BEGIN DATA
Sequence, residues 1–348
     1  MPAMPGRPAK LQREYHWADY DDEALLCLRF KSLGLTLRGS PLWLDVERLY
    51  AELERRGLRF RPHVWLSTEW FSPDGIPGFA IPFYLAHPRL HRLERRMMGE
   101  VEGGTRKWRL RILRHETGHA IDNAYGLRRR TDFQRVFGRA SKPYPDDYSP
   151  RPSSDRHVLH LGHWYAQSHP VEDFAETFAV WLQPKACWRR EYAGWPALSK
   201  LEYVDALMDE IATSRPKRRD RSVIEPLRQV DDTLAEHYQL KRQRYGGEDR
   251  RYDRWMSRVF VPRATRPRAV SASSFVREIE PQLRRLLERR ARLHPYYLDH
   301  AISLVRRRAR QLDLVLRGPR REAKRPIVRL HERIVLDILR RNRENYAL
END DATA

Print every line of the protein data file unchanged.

Sequence, residues 1–348
     1  MPAMPGRPAK LQREYHWADY DDEALLCLRF KSLGLTLRGS PLWLDVERLY
    51  AELERRGLRF RPHVWLSTEW FSPDGIPGFA IPFYLAHPRL HRLERRMMGE
   101  VEGGTRKWRL RILRHETGHA IDNAYGLRRR TDFQRVFGRA SKPYPDDYSP
   151  RPSSDRHVLH LGHWYAQSHP VEDFAETFAV WLQPKACWRR EYAGWPALSK
   201  LEYVDALMDE IATSRPKRRD RSVIEPLRQV DDTLAEHYQL KRQRYGGEDR
   251  RYDRWMSRVF VPRATRPRAV SASSFVREIE PQLRRLLERR ARLHPYYLDH
   301  AISLVRRRAR QLDLVLRGPR REAKRPIVRL HERIVLDILR RNRENYAL